Stocks are sloughing off Greece and pretty much everything else this morning. The Dow has zoomed past 12,400… the S&P is in sight of 1,320. An ISM report on economic conditions in the Midwest turned back up this month, after slipping in May.

   Hot money flowing into stocks is flowing out of gold for the moment. Still, the Midas metal is again demonstrating its resilience, falling only a few bucks from where it was 24 hours ago, to $1,506.

   Spot silver goes for $34.79 this morning… and once again, bargain hunters have swooped down on the U.S. Mint to buy Silver Eagles this month. Sales for June totaled 3,374,000 — only a touch behind May’s figure of 3,653,000.

Through the first six months of 2011, sales totaled 22,275,500. Assuming the pace keeps up, the year-end number will smash last year’s record of 34,662,500.

Collectors, please note our friends at First Federal still have a small supply of “Early Release” 2011 Silver Eagles graded MS70 by the independent grading firm NGC. Previous issues of this kind sell for as much as $5,690. You can get this year’s model right here. As always, we’re likely to be compensated if you buy.

   “The issue of a violent revolution is moot,” writes a reader, carrying on a discussion that got started last week. “Without a conversion of hearts and minds, nothing will happen with or without an armed revolt.”

“The issue is as simple as it is clear: Thanks to Dewey, FDR, Saul Alinsky, George Soros, ad nauseam, our schools and our media have been usurped, leading to the brainwashed masses today that folks from the Greatest Generation would not even recognize.”

The 5: Hmmn… seems like there’s plenty of blame to spread. Why these folks in particular?

   “Hey, Pops,” writes a reader addressing the fellow reader who wrote yesterday that the government would swiftly deploy the military to put down any revolt, “There are more guns in the hands of civilians in the U.S. than exist in the rest of the world.”

“And if you know anything about revolutions, the military has many buildings with lots of automatic boom-booms… plus, many military guys are patriots. I would not want to be commanding a squad of guys and order them to shoot down civilians.”

   “The writer assumes,” chimes in another, “that the military will blindly follow the governments orders. Will soldiers fire on groups of people who contain their own fathers, mothers, brothers, sisters, etc.?”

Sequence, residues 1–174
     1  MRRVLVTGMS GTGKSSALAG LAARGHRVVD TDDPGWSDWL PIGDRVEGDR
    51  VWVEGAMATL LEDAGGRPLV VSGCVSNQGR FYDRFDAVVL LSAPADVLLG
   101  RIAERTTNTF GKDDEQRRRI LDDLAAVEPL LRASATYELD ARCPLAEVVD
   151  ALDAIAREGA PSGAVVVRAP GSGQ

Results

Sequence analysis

“As has happened in so many countries over many centuries, they will turn their weapons against the government that is also oppressing them!”

   “Some more writing on the wall?” writes a reader in California who caught our warning about how state governments will “pickpocket your wealth through new taxes… propose weird new fees.”

“We received this notice from Amazon yesterday,” the reader continues. “Just in case you haven’t already seen it, I thought you’d find it interesting.”

The notice describes how Amazon is cutting ties with its thousands of California affiliates — businesses and nonprofits that earn commissions by referring customers to Amazon. Overstock.com is doing the same thing.

That’s because a new Internet sales tax became law yesterday in California. Amazon did the same earlier this year when similar measures passed in Illinois, Connecticut and Arkansas.

Of course, talk of Internet sales taxes is hardly new. But the Great Correction and resulting crash of state tax revenue is turning the talk into reality.

Regards,

Addison Wiggin
Agora Financial’s 5 Min. Forecast

P.S. Even with today’s rally, the S&P is up a skimpy 2.5% year to date. At this moment, with exactly half the year over, stocks aren’t keeping pace with rising prices.

Inflation is eating you alive. If you’re only S&P-exposed, your 2.5% gain might as well be a magic trick. Because it’s not doing you any good…it’s just a distraction.

How do you craft a second half of the year that makes up for the sham of the first?

You book 70% gains in 12 days on stocks like the tiny “organ transport” firm Greg Guenthner delivered to his readers just a few weeks ago.

Greg issues his next alert Tuesday morning, just in time for the market open after the Independence Day weekend. He’ll recommend an impressive little stock poised for a huge move. You can make sure you receive this recommendation by acting here.

rspertzel